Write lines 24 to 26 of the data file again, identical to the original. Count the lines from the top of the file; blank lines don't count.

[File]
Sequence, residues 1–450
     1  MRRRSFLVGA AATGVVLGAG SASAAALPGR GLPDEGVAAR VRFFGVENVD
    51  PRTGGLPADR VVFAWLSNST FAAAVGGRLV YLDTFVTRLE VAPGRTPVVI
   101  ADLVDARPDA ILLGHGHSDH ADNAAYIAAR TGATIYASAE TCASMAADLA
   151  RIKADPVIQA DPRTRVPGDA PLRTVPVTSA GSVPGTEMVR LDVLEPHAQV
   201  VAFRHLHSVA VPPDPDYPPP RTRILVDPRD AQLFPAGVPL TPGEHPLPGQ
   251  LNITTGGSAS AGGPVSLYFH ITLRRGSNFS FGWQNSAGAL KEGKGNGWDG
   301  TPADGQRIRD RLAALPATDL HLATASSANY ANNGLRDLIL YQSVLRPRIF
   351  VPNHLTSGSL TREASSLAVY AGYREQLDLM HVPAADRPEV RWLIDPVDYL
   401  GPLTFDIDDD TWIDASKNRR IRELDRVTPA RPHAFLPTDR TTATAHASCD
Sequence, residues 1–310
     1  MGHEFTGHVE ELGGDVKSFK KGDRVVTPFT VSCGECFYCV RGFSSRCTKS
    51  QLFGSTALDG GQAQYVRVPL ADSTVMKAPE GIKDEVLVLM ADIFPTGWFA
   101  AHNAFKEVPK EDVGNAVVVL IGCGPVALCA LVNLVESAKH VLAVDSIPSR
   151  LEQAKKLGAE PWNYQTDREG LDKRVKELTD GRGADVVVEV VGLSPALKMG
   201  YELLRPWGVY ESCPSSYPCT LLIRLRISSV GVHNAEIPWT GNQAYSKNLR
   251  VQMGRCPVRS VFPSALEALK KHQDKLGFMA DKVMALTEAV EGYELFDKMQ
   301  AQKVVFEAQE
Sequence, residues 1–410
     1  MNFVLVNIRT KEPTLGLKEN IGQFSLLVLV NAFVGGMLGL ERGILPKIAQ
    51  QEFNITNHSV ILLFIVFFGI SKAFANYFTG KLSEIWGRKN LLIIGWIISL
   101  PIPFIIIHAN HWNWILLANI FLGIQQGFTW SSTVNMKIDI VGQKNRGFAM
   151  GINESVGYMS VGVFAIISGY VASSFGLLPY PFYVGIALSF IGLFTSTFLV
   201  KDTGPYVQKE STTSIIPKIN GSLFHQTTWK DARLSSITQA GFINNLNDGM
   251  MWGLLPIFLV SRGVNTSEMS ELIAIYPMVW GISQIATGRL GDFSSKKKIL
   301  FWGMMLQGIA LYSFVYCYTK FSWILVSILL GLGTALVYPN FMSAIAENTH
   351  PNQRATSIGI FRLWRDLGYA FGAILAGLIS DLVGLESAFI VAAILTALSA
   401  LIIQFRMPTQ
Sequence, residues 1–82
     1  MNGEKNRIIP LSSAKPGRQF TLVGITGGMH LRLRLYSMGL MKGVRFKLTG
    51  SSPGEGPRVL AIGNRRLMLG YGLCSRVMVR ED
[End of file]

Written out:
   201  KDTGPYVQKE STTSIIPKIN GSLFHQTTWK DARLSSITQA GFINNLNDGM
   251  MWGLLPIFLV SRGVNTSEMS ELIAIYPMVW GISQIATGRL GDFSSKKKIL
   301  FWGMMLQGIA LYSFVYCYTK FSWILVSILL GLGTALVYPN FMSAIAENTH